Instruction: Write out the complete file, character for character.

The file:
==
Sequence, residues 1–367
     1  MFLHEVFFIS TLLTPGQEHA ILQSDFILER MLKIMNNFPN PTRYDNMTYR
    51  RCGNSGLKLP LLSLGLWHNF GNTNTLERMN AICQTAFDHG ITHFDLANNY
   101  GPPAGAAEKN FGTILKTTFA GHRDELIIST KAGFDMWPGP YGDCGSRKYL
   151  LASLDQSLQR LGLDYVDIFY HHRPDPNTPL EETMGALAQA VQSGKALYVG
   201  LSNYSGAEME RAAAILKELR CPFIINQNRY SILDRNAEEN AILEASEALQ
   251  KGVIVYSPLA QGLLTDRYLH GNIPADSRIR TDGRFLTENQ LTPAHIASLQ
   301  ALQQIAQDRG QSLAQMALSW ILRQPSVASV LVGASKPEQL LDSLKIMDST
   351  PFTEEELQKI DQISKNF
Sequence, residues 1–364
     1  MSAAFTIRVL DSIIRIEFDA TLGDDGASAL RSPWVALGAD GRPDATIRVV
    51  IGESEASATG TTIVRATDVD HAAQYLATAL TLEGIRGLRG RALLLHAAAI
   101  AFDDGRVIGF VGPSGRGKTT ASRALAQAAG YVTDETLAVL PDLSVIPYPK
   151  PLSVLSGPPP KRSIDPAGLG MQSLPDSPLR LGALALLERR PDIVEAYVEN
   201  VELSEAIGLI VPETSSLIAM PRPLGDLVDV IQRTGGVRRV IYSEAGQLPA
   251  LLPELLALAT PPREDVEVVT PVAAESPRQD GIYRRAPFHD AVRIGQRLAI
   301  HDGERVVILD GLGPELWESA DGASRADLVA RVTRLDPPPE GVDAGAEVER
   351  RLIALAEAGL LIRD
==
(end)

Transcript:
Sequence, residues 1–367
     1  MFLHEVFFIS TLLTPGQEHA ILQSDFILER MLKIMNNFPN PTRYDNMTYR
    51  RCGNSGLKLP LLSLGLWHNF GNTNTLERMN AICQTAFDHG ITHFDLANNY
   101  GPPAGAAEKN FGTILKTTFA GHRDELIIST KAGFDMWPGP YGDCGSRKYL
   151  LASLDQSLQR LGLDYVDIFY HHRPDPNTPL EETMGALAQA VQSGKALYVG
   201  LSNYSGAEME RAAAILKELR CPFIINQNRY SILDRNAEEN AILEASEALQ
   251  KGVIVYSPLA QGLLTDRYLH GNIPADSRIR TDGRFLTENQ LTPAHIASLQ
   301  ALQQIAQDRG QSLAQMALSW ILRQPSVASV LVGASKPEQL LDSLKIMDST
   351  PFTEEELQKI DQISKNF
Sequence, residues 1–364
     1  MSAAFTIRVL DSIIRIEFDA TLGDDGASAL RSPWVALGAD GRPDATIRVV
    51  IGESEASATG TTIVRATDVD HAAQYLATAL TLEGIRGLRG RALLLHAAAI
   101  AFDDGRVIGF VGPSGRGKTT ASRALAQAAG YVTDETLAVL PDLSVIPYPK
   151  PLSVLSGPPP KRSIDPAGLG MQSLPDSPLR LGALALLERR PDIVEAYVEN
   201  VELSEAIGLI VPETSSLIAM PRPLGDLVDV IQRTGGVRRV IYSEAGQLPA
   251  LLPELLALAT PPREDVEVVT PVAAESPRQD GIYRRAPFHD AVRIGQRLAI
   301  HDGERVVILD GLGPELWESA DGASRADLVA RVTRLDPPPE GVDAGAEVER
   351  RLIALAEAGL LIRD